9. The laser diode of claim 7 in which the means for dielectrically dividing the active layer into two sections comprises a disordered region extending through one of the cladding layers and the active layer.
10. The laser diode of claim 9 in which the disordered region also extends across end surfaces of the body.
11. The laser diode of claim 5 wherein each of the cladding layers comprises a layer of aluminum gallium arsenide with the cladding layers on opposite sides of the active layer being of opposite conductivity types.
12. The laser diode of claim 2 in which the portion of the quantum well region in the other section is partially disordered to shift the exciton absorption spectrum peaks to slightly higher energies.
13. In a laser diode comprising:
a substrate of a conductive semiconductor material;
a substantially rectangular body of a semiconductor material on a surface of said substrate, said body having opposed end surfaces and side surfaces extending between said end surfaces;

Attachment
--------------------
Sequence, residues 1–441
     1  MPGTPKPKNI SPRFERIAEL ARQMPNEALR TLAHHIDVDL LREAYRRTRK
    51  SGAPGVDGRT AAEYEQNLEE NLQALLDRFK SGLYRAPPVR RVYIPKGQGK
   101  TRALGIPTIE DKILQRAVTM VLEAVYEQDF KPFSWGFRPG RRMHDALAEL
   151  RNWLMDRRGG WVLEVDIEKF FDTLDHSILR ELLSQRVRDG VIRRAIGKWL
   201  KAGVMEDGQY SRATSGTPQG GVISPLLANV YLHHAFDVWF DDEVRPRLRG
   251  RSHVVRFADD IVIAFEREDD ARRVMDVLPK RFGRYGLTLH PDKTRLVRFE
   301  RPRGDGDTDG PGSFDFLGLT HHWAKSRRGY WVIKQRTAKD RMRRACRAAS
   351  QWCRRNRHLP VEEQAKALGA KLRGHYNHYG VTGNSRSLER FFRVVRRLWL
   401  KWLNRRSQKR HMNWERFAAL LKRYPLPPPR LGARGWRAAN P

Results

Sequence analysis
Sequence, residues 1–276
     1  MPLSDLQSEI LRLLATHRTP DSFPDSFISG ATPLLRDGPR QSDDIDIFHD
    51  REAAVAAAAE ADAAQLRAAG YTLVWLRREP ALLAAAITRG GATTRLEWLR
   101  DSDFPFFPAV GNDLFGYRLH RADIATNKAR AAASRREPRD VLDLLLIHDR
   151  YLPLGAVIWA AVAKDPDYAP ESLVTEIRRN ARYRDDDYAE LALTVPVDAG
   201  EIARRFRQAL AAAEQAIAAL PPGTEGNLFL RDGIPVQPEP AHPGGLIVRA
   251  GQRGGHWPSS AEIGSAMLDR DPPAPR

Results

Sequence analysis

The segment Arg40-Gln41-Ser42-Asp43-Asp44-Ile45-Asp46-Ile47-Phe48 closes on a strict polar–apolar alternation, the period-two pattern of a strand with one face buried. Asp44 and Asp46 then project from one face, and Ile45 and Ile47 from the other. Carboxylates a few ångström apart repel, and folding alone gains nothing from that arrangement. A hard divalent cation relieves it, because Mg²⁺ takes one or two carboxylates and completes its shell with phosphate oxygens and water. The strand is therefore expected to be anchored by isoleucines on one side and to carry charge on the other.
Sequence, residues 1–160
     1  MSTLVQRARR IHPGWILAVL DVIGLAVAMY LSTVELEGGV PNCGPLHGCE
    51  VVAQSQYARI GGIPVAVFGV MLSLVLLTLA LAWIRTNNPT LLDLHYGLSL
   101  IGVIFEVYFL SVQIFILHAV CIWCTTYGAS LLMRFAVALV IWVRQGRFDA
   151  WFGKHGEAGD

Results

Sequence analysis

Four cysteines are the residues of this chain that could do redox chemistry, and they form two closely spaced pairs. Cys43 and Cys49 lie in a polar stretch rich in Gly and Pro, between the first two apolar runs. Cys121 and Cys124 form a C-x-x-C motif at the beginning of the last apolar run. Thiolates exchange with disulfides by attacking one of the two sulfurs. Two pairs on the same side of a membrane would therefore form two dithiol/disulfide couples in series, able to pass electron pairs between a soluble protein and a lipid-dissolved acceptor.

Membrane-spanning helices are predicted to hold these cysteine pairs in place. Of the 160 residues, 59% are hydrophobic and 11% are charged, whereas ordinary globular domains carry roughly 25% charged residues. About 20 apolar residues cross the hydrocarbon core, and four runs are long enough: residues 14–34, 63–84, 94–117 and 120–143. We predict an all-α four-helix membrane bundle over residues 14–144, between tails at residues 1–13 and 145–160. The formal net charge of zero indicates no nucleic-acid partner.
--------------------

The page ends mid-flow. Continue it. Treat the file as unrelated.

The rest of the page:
a quantum well active layer extending through said body between said end surfaces;
a separate cladding layer extending through said body between said end surfaces on each side of said active layer; and
an electrically insulating region extending through one of said cladding layers and said active layer and dividing the body into a laser diode in which light is generated, and a absorber which can shift the generated light between the TE and TM modes.
14. The laser diode of claim 13 in which the quantum well active layer is a multiple quantum well comprising alternating layers of gallium arsenide and aluminum gallium arsenide.